With new opportunities for law clerks and fellows, ANJC is equipping young legal minds with knowledge and experience in Native law
Alaska doesn’t have a law school. Recruiting attorneys from the Lower 48 is difficult, and finding attorneys with experience in Alaska Native law is even harder.
But the Alaska Native Justice Center (ANJC) has a strategy to change that. With its new Native Law Clerkship and Fellowship programs, the organization is giving law students and recent law school graduates hands-on experience working in the field of Native law—and helping to create a cohort of Native legal professionals who can serve their communities across the country.
Learning about Alaska Native Tribes
Robert Waldroup didn’t expect to find himself in Alaska following the completion of his law degree at the University of New Mexico (UNM). He grew up in western North Carolina on the Qualla Boundary reservation of the Eastern Band of Cherokee Indians. As a law student, he enrolled in UNM’s Indian Law Program and served as an editor in chief of the Tribal Law Journal.
When he accepted two scholarly articles on Alaska tribes—a topic the journal had never addressed before—Rob was inspired to learn more about Alaska Native law.
“There are a lot of misconceptions about Alaska Native Tribes versus tribes in the Lower 48,” he explained. “Understanding that difference is really what I wanted to get out of this experience to take back to the Lower 48.”
Rob served as ANJC’s first law clerk while he completed his degree. This August, he began his fellowship, focusing on direct client services and tribal justice support.
As a law fellow, Rob provides technical assistance and training to Alaska Native Tribes and directly serves ANJC clients seeking legal advice. ANJC’s Indian Child Welfare Act (ICWA) and Family Law attorneys frequently invite Rob to sit in on family law cases and cases that pertain to ICWA or Child in Need of Aid matters in state court. He has also observed Tribal and state court proceedings on domestic violence and protective orders involving Indigenous people.
“It’s one thing to read about the law and study it in school. But that doesn’t really teach you to be an attorney. I have learned so much just listening in on these proceedings and seeing the actual, practical application of the law,” Rob said.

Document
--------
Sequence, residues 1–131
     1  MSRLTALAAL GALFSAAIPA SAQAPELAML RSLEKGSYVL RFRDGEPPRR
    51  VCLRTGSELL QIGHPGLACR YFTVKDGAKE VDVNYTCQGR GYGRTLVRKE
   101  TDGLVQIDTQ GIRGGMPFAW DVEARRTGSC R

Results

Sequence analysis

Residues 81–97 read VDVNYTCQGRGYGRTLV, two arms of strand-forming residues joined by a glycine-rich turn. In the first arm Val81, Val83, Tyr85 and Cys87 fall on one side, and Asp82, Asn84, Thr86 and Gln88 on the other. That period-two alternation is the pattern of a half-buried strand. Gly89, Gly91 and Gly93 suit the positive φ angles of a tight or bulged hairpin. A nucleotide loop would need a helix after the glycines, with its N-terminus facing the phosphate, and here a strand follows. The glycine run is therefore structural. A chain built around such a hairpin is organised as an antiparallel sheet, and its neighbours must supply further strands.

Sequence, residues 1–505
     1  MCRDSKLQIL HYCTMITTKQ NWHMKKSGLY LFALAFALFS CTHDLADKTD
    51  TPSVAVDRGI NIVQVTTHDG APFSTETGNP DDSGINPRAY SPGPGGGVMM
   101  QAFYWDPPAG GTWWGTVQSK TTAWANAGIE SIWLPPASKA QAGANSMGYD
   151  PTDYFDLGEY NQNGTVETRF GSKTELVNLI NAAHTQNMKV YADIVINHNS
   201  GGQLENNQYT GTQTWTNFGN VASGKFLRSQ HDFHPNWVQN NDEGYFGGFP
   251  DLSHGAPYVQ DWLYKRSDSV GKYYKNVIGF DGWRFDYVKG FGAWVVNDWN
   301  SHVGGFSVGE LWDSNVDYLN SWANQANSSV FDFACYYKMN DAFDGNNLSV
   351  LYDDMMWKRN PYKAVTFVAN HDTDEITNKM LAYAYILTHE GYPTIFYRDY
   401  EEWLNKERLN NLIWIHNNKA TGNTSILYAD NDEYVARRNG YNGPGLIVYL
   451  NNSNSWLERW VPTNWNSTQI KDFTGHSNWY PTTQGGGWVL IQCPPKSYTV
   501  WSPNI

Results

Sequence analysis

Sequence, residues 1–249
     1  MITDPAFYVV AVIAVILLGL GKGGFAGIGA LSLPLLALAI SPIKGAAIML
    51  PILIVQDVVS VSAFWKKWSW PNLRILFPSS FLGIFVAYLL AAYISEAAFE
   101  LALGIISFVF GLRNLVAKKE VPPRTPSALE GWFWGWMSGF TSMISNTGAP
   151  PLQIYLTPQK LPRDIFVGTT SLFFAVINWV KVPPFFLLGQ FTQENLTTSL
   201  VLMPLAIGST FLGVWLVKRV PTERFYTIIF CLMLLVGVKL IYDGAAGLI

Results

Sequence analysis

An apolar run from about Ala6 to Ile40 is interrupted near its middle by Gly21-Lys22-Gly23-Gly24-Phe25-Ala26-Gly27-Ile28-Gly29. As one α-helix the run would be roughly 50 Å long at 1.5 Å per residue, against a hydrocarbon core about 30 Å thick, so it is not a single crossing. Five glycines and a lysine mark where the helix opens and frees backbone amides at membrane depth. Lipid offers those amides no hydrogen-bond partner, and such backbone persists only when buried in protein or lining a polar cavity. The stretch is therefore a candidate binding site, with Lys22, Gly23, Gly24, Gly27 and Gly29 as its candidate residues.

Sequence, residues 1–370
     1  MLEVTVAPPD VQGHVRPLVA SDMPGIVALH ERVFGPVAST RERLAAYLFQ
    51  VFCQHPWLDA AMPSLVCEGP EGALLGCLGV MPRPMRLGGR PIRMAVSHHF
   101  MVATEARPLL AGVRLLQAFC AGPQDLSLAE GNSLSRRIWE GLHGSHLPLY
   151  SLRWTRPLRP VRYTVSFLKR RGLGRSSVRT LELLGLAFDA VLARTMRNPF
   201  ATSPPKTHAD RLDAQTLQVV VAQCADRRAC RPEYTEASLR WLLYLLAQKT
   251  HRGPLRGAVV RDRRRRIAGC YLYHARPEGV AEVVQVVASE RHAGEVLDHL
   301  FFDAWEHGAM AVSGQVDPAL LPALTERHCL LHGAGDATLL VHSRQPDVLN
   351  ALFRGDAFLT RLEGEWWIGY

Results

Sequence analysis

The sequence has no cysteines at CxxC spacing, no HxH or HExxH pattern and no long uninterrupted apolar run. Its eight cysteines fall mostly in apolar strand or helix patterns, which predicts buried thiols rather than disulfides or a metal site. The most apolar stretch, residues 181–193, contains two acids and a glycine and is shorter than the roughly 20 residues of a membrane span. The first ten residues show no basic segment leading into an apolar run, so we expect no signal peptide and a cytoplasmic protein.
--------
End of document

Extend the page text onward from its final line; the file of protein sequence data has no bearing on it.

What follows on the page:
Increasing Native Representation
Rob is also helping organize the 2023 Color of Justice event, an annual gathering of Alaska high schoolers that encourages them to explore careers in the legal profession.
“It’s really important that young people see themselves in these professions—that someone who looks like them is there, telling them, You can do this job,” Rob said.
Both Color of Justice and the Law Fellowship aim to increase representation and visibility of Native people in the legal field.
ANJC Senior Legal and Policy Director Alex Cleghorn said the goal is to create a “pipeline” of lawyers who understand Native-specific issues.
“The more lawyers we have who understand the unique complexities of Native law, the more we can help ensure Native people are treated with equality in our legal system,” said Alex.
In that spirit, ANJC also hosted the first-ever Native Law and Culture Day in June this year. Each year, law clerks travel to Alaska for a summer clerkship, but most are not exposed to Alaska Native history and culture. The goal of ANJC’s Native Law and Culture Day is to immerse law clerks in the unique legal landscape affecting Alaska’s people and tribes and to develop Native law leaders who can advocate for justice for Native people.
“We can’t hire every law clerk who comes to Alaska—but we can do our part to make sure that every one of them walks away with a good base of understanding of our distinctive legal issues,” said Alex.
Next year, ANJC hopes to expand its reach by inviting the Arizona State University Indian Law Program to spend its annual on-site student learning experience in Alaska. ANJC expects 20 law students, faculty, and alumni to visit for a week in March, gaining experience in the unique legal and geographic landscape of Alaska.
Paying it forward
“Looking forward, I think doing this work will allow me to have a great foundation starting my career,” Rob reflected about his time as a law fellow with ANJC. “The knowledge I’ve gained here will serve me well.”
When his fellowship concludes, he plans to seek out work with a similar nonprofit organization or with a Tribal government as house council. He especially enjoys supporting Tribal courts and encouraging them to exercise their sovereignty.
Regardless of what he does, he will start his career equipped with knowledge and experience in Alaska Native law he could not have otherwise developed—knowledge that he can use to encourage others and effect change.
“Opening doors and inspiring others is really what I aim to do in my career to inspire others to enter the legal profession—because it is a profession where you can invoke changes within the lives of Indigenous people,” Rob said.
To learn more about ANJC’s legal services, visit anjc.org. Programs like the Law Clerkship and Fellowship are made possible in part by funding raised through the annual Voices for Justice campaign. Donate here.